Day Zero

It’s Day Zero and the very professional Aaron looked after me in apheresis and infused my re-engineered t-cells, which had been defrosted by pathology. It was crazy to see them there in a 30 ml syringe which he simply injected into my canula after I received a couple of premeds. I did wake up this morning after a restless night really not wanting to come into hospital today. It seemed such a crazy thing to be doing when I’m so well and I’m not up to going into that decision making process now but if you have CLL and want to understand the reasoning for jumping now you might like to see this webinar I took part in last month (spot the journalist using an IPad who hadn’t quite worked out how to look at the camera!!)

I was monitored every 15 minutes for the first hour and am now getting hourly obs done including cognitive function tests (maybe they should read my blog – you may well see it here first!). Feel fine – I thought it might be a bit anticlimactic but it was still exciting and fascinating.

There are a couple of major side effects which affect as many as 60 percent of CAR-T patients – the major one being cytokine release syndrome and neurotoxicity. They’re both scary and cause brain inflammation. An early sign is cognitive impairment. They know how to treat these side effects a lot better than they used to but early detection is the key so every hour I am being asked my name, where I live, what an item such as a pen is and to write a sentence. Because of this at this point I thought I’d introduce you to my sister Nicola who will put updates on here over the next few days if I suddenly become unable to – I have followed others stories and have started worrying when they went silent but it was simply that they were going through a process many patients go through and which the neurologist I saw yesterday to assess my baseline assured me doesn’t last long term. Nicola lives in Queensland with her 3 beautiful children (very biased Aunty here) and this photo was taken of us at Christmas after they travelled to Melbourne to be with us. Thank goodness they did as we have been in lockdown and unable to travel since March. Hopefully you’ll keep hearing from me but if I start talking gibberish (more than usual that is) you’ll understand why! Now in my hepa filtered room on the 5th floor of the Peter Mac and destined to be here until at least Friday as the trial protocol requires 72 hour post infusion admission….time for a well deserved nap to allow those mutant cells to start multiplying and try to relax after the stress of reaching this point.

9 thoughts on “Day Zero

  1. Deb, I’m sending you light and love and strength. You are one of the strongest women I’ve ever met, you’ve got this!


  2. Deborah, I’m old enough to remember the Apollo 11 liftoff and feel like I’m watching a similar event from afar with my heart in my mouth. I “met” you recently via the Lymphoma Webinar on Aug 18 and have caught up on your blog after you reactivated it recently – I trust that doesn’t qualify as stalking!!. Wishing you well and saying “thank you” for taking us along for the ride. I’m a late adopter, probably heading for FCR in Feb or so – I don’t have all the “nasties” (dg). You are some test pilot, a truly brave person. Happy landings – full of admiration and thanks again!!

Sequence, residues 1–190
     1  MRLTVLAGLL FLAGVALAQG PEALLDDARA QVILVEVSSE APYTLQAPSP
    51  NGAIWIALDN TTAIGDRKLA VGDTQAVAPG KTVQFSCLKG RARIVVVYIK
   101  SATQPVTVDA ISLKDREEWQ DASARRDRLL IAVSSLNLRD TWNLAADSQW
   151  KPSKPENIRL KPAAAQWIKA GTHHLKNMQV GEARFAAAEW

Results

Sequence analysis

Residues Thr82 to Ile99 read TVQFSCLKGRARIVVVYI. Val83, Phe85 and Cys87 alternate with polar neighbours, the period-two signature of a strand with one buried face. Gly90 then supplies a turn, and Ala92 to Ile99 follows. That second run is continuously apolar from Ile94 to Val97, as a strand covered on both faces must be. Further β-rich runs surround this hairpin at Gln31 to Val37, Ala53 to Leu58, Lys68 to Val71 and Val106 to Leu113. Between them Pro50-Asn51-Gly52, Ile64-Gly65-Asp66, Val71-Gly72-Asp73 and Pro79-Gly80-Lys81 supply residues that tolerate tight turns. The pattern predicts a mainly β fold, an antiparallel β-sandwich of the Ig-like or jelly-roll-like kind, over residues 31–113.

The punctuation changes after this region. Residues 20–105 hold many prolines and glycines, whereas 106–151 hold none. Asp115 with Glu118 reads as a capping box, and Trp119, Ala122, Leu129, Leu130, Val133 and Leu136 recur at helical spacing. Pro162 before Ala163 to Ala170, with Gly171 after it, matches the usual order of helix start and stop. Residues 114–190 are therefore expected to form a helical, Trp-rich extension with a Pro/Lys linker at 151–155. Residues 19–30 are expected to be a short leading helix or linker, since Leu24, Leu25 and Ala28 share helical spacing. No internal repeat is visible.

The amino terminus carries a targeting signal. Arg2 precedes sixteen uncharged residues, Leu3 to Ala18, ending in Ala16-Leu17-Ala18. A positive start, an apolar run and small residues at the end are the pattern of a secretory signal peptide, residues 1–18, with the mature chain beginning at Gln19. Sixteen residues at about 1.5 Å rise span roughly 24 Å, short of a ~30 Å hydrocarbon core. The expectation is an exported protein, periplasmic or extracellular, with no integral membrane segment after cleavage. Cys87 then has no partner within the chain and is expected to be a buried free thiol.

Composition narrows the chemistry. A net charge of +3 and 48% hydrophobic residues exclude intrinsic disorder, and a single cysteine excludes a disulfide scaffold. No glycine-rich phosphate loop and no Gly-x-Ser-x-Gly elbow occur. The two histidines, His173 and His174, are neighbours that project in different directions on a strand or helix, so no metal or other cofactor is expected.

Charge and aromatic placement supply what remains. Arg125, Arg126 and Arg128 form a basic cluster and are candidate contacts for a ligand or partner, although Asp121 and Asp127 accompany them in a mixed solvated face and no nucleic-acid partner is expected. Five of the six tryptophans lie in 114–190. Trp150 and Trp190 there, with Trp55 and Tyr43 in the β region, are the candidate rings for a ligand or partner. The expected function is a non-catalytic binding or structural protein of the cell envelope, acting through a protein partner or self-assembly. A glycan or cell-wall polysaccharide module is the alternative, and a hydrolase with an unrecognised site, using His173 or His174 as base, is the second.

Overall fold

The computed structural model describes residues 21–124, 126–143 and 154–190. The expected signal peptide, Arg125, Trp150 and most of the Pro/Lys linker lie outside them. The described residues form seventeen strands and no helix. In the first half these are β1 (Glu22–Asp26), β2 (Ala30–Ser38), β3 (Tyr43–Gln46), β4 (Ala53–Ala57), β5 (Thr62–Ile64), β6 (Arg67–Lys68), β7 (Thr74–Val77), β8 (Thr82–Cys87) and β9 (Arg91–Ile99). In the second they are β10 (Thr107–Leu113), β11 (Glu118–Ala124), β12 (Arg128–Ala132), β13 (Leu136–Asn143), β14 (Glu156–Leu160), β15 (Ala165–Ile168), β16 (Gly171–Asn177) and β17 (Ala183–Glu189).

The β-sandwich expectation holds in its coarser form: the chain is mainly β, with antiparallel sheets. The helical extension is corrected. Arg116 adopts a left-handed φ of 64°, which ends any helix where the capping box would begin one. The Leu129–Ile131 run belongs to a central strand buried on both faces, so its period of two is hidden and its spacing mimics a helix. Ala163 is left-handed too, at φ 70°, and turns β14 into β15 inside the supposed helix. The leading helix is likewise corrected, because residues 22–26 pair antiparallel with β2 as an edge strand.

1. Thanks Mick – believe it or not I’m a consummate late adopter too! I didn’t go under the English Channel until I was 100 percent sure that tunnel wasn’t going to leak. All this really is against my better nature but I’m rational and I’m convinced that not doing this was the worst of the two options. It is freaking me out how often they’re getting me to say words like pen and raise my hands up though – this stuff is obviously very serious…I did just find out that I have developed two further lesions on my last FISH test – not just del6q unmutated anymore so despite the fact I’m in an amazingly deep remission with ibrutinib given where I ended up on venetoclax I couldn’t risk becoming resistant to ibrutinib too and then only having an allogeneic transplant as a salvage option. But if this CAR-T trial had have been available down the track and I’d had a crystal ball I probably would have waited. Too late now! Still feeling ok at the moment. Thanks for your kind wishes – FCR with the right markers is still a great (and possibly curative option!). I’m sure you’ve had the right prognostic testing but just make sure you have had the IGHV test to make sure you are not unmutated x


      1. My wife might be tempted to say that I am a touch unmutated in a number of ways, but thankfully from an IGHV perspective I am fortunately mutated! People like you have contributed to a huge amount to the info mortals like me can distill from the internet about my condition- and , again, I’m pretty lucky, even if I have some rocky roads ahead! Get some sleep!


    1. Yes and my CAR-T is a new one so instead of being 10 days old they’re only 3 days old so they think side effects should also be delayed by 7 days! Thanks Brian – you’ve paved the way for all of us xxx


  3. Hi Deb, I also saw you on the webinar in August, and then found you were writing about your CAR-T experience on your blog. I wanted to wish you well and hope this treatment is super-successful. Thank you for all you’ve done for CLL patients in Australia (and elsewhere), in terms of sharing your story and advocacy for access to newer therapies. I’m on W&W, and expect to need treatment sometime, and reading about your treatment journey has been so helpful. Hope the next few days are not too eventful and you continue to recognise that pen :-). Bye for now.


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